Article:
Principles of Political Economy: With Some of Their Applications to Social Philosophy

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Longmans, Green, and Company, 1904 - Economics - 591 pages
 

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Page 197 - I cordially subscribe to the remark of one of the greatest thinkers of our time, who says of the supposed differences of race, "of all vulgar modes of escaping from the consideration of the effect of social and moral influences on the human mind, the most vulgar is that of attributing the diversities of conduct and character to inherent natural differences.
Page 128 - If, therefore, the choice were to be made between Communism with all its chances, and the present state of society with all its sufferings and injustices; if the institution of private property...
Page 76 - One man draws out the wire; another straights it; a third cuts it; a fourth points it; a fifth grinds it at the top for receiving the head...
Page 590 - In the particular circumstances of a given age or nation, there is scarcely anything, really important to the general interest, which it may not be desirable, or even necessary, that the government should take upon itself, not because private individuals cannot effectually perform it, but because they will not.
Page 171 - Give a man the secure possession of a bleak rock, and he will turn it into a garden ; give him a nine years' lease of a garden, and he will convert it into a desert.
Page 483 - Every tax ought to be levied at the time, or in the manner, in which it is most likely to be convenient for the contributor to pay it.
Page 484 - Equality of taxation, therefore, as a maxim of politics, means equality of sacrifice. It means, apportioning the contribution of each person towards the expenses of government, so that he shall feel neither more nor less inconvenience from his share of the payment than every other person experiences from his.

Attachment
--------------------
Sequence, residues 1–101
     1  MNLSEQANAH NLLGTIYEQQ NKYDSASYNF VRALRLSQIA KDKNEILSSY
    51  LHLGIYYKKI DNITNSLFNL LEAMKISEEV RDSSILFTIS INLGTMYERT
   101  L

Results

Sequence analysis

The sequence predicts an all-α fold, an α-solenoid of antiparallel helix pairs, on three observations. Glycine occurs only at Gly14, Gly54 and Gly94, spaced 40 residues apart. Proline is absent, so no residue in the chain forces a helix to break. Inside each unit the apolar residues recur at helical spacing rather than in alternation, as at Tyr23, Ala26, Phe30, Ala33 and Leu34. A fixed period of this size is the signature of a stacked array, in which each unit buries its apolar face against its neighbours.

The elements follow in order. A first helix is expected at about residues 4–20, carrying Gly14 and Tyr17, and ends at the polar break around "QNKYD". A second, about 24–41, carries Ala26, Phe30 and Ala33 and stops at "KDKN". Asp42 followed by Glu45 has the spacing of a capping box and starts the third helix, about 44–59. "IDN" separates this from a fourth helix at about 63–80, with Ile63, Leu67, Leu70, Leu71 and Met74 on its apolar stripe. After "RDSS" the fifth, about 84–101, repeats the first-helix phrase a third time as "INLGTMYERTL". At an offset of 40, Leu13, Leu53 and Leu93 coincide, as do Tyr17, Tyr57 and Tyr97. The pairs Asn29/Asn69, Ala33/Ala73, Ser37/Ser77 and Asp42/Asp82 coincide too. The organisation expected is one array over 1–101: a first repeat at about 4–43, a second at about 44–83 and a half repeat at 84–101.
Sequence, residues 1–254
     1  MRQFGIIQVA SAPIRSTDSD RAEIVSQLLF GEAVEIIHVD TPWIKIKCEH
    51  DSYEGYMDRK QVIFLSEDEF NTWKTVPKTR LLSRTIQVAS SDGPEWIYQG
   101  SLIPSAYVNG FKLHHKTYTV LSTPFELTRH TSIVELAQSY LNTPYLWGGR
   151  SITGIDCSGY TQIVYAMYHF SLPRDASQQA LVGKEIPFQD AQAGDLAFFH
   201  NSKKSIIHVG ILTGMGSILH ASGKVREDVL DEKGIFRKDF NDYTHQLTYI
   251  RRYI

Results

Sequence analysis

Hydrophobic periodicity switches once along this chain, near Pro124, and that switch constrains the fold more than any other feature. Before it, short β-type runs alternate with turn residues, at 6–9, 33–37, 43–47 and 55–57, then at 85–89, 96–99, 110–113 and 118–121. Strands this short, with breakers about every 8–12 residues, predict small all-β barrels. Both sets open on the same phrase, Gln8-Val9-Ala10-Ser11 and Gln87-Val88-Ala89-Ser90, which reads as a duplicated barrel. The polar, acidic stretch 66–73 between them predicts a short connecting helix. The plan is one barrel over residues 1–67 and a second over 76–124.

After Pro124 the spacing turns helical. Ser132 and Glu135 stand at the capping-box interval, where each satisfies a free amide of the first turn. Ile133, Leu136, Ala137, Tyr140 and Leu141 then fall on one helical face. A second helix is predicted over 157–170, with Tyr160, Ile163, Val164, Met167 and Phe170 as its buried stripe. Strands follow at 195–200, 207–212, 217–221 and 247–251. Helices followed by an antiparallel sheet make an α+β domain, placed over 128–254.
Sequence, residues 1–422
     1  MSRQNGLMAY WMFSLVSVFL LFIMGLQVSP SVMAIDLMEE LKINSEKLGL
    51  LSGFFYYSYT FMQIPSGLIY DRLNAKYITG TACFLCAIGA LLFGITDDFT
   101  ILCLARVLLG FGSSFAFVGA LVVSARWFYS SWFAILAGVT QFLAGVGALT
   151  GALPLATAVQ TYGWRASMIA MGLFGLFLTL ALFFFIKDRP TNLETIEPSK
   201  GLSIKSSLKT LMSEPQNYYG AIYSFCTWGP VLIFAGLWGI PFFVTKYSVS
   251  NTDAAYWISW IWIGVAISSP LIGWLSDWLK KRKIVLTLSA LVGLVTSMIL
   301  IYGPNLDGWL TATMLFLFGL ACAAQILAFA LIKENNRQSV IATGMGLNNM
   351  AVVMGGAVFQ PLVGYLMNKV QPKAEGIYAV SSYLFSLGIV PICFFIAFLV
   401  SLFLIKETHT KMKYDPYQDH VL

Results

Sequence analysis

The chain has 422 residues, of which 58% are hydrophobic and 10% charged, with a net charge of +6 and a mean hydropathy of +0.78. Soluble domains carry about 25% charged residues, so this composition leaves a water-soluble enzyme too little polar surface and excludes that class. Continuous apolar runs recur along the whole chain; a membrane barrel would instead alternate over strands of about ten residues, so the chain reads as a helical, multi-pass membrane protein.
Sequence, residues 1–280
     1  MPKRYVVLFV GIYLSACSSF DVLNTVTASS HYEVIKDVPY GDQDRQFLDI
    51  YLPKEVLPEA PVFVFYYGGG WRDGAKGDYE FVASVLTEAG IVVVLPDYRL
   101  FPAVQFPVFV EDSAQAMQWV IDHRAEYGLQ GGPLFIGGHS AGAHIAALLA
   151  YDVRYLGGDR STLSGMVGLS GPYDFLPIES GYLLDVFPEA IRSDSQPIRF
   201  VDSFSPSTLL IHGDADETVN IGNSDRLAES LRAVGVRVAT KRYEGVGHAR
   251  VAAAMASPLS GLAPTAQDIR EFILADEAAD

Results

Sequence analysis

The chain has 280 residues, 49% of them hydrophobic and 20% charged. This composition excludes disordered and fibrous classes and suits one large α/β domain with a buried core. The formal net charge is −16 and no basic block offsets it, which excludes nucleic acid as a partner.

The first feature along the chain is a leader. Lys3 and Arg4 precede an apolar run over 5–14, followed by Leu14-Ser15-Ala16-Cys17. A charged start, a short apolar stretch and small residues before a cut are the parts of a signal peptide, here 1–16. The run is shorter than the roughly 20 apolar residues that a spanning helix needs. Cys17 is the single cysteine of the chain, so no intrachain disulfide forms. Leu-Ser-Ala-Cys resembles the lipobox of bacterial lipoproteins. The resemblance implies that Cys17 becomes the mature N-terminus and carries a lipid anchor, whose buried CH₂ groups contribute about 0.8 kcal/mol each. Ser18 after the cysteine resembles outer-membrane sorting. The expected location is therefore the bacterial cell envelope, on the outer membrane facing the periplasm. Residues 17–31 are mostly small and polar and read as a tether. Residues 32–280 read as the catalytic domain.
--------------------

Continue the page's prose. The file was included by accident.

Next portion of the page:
Page 124 - The distribution of wealth, therefore, depends on the laws and customs of society. The rules by which it is determined, are what the opinions and feelings of the ruling portion of the community make them, and are very different in different ages and countries ; and might be still more different, if mankind so chose.
Page 556 - But it cannot be expected that individuals should at their own risk, or rather to their certain loss, introduce a new manufacture, and bear the burden of carrying it on until the producers have been educated up to the level of those with whom the processes are traditional. A protecting duty, continued for a reasonable time, will sometimes be the least inconvenient mode in which the nation can tax itself for the support of such an experiment.
Page 296 - There cannot . . . ," he wrote, "be intrinsically a more insignificant thing, in the economy of society, than money; except in the character of a contrivance for sparing time and labour. It is a machine for doing quickly and commodiously, what would be done, though less quickly and commodiously, without it: and like many other kinds of machinery, it only exerts a distinct and independent influence of its own when it gets out of order

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